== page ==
Steve Jobs recently said that iPhone was winning in the global smartphone sales race. Then BlackBerry maker RIM's CEO, Jim Balsillie, said that it wasn't true. Now Strategy Analytics figures are proving Jobs correct in terms of units shipped, while the entire smartphone market grew larger. Nokia, however, still remains the top smartphone maker and seller in the world.
Global shipments of smartphones reached a record 77 million units and, annual growth hit 78%. Apple was the star performer; it overtook RIM and closed the gap on Nokia to the smallest level since first entering the mobile market in 2007. Apple shipped 14.1 million iPhones while RIM shipped 12.4 million BlackBerry smartphones.
Nokia shipped a record 26.5 million smartphones worldwide in Q3 2010, rising 61% from 16.4 million units shipped a year earlier. We believe that sales to Europe and Latin America were notably robust. However, the record volumes were not enough to prevent Nokia's global marketshare slipping to a low of 34%. Nokia is facing competition not just from Apple and RIM but also from a wave of ambitious Android players, such as Samsung, HTC and Sony Ericsson. Nokia was shipping 3 times more smartphones than Apple last year, but now Nokia is shipping 2 times more smartphones.
APPLE shipped a larger-than-expected 14.1 million iPhones worldwide in Q3 2010, almost doubling from 7.4 million units a year earlier. Apple navigated its way through a barrage of criticism about the "antenna-gate" problem and drove its marketshare to a record high of 18% during the quarter. Key markets for Apple included the USA, UK, France and Japan. Major carrier partners and subsidizers of the iPhone included AT&T, O2 and Orange. Apple's main hardware competitors remain Nokia and RIM, but Samsung and HTC are rapidly expanding their Android portfolios and are attempting to close the gap on Apple.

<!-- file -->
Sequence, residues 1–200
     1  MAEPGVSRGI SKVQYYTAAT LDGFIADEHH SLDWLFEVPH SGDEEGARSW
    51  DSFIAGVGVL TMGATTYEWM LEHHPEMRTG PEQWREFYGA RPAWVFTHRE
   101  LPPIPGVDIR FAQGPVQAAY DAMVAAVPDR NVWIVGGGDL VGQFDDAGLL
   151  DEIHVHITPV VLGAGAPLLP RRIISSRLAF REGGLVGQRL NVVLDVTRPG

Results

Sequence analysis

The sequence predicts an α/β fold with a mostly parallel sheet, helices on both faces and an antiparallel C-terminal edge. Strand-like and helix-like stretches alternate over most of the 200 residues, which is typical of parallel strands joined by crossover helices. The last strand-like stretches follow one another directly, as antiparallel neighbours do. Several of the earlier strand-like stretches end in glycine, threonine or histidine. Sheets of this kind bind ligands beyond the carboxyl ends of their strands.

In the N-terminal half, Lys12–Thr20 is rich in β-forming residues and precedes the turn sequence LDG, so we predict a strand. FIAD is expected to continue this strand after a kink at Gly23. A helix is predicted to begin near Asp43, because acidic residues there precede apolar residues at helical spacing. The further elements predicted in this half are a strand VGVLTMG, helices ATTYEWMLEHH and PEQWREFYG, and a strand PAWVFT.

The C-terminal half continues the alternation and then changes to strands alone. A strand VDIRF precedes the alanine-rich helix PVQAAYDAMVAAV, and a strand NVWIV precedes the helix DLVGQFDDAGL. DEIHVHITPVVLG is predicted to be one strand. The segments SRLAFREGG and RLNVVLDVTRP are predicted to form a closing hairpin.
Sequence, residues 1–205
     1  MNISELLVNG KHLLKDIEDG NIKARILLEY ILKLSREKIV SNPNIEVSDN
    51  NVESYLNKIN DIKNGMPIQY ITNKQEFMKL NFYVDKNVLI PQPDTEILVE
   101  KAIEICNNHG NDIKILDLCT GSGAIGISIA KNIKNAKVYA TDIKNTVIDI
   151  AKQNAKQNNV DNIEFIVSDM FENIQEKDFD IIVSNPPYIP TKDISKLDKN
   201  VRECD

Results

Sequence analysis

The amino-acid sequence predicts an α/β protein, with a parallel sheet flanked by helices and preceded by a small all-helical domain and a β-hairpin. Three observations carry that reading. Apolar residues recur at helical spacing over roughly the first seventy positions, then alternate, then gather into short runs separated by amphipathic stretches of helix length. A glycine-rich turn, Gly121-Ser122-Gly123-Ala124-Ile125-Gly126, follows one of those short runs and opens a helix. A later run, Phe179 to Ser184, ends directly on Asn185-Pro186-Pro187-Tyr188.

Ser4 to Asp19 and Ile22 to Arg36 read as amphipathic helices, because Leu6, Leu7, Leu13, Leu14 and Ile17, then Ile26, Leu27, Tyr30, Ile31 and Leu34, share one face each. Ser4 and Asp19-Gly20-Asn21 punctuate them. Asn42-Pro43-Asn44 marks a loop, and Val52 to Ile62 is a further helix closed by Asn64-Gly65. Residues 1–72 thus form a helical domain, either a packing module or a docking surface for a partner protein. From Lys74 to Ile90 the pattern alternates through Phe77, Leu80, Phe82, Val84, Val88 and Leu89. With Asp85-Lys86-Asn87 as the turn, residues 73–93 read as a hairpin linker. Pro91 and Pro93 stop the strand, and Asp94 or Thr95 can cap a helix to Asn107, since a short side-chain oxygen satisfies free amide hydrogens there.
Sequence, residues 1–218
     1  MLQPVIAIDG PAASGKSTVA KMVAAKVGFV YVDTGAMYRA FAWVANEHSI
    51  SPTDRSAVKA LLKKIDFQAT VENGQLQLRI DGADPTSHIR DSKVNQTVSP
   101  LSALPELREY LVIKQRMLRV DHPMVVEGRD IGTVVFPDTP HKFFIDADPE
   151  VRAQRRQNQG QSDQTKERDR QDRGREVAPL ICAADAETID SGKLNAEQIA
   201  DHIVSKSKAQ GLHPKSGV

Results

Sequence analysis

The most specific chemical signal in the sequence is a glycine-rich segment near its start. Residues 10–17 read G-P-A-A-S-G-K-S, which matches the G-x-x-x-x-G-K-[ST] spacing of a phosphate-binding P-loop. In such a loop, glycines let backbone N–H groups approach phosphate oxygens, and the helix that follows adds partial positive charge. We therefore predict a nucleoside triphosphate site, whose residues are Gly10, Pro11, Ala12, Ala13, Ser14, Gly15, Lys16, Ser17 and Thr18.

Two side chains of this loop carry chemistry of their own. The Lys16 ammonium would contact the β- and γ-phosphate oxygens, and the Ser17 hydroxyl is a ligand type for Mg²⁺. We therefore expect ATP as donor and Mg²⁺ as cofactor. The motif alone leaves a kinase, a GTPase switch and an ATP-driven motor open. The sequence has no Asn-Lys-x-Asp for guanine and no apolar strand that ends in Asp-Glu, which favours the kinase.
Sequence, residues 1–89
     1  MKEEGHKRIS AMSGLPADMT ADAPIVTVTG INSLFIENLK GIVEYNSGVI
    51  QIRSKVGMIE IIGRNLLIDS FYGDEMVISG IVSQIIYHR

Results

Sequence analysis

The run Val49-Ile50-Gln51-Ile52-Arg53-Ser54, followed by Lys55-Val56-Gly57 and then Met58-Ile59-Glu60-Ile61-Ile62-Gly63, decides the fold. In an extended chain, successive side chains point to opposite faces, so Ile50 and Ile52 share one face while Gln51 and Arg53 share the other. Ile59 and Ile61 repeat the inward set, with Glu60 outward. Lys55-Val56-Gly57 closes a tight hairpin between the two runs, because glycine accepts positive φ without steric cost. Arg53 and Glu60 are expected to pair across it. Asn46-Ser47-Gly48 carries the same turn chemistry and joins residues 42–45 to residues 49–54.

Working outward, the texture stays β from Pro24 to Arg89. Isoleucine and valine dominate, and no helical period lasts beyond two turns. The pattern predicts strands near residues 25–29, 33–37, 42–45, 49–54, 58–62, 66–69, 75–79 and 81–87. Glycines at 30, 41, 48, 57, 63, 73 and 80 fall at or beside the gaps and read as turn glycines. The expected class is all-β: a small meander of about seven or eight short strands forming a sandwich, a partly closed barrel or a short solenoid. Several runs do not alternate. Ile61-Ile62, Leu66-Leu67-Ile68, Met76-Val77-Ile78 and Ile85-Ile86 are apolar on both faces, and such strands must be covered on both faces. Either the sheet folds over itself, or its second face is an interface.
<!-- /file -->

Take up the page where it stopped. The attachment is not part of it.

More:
RIM shipped 12.4 million smartphones worldwide during Q3 2010, up from 8.5 million units a year earlier. RIM's annual growth rate improved to 46% during the quarter, its highest level since Q1 2009. International expansion is feeding the growth, with volumes outside North America now making up to 52% of its worldwide total. However, RIM continues to be hampered by a limited presence in the high-growth touchscreen segment, and consequently its global smartphone marketshare has edged down from 19% to 16% during the past 12 months.
Global smartphone volumes rose a huge 78% annually to 77 million units during Q3 2010. Smartphones made up 23% of total worldwide handset volumes during the quarter, leaping from 20% in the prior quarter. Sales were driven heavily by Apple and by several major Android players expanding their smartphone ranges, such as Samsung and HTC.
Despite moderate component shortages in application processors and touchscreens, global smartphone shipment growth reached 78% annually in Q3 2010, its fastest rate since the mid-2000s. We expect component shortages to remain a challenge for smartphone vendors through the western and eastern holiday seasons of Q4 2010 and Q1 2011. The smartphone industry is still struggling to ramp up the production capacity of key components after major cutbacks during the recession of 2009, while smartphones are now facing extra competition for many of the same components from the emerging tablet segment.
Exhibit 1: Q3 2010 Global Smartphone Shipments and Market Share Estimates - Top 3 Vendors
Global Smartphone Vendor Shipments (Millions of Units)
Global Smartphone Vendor Marketshare %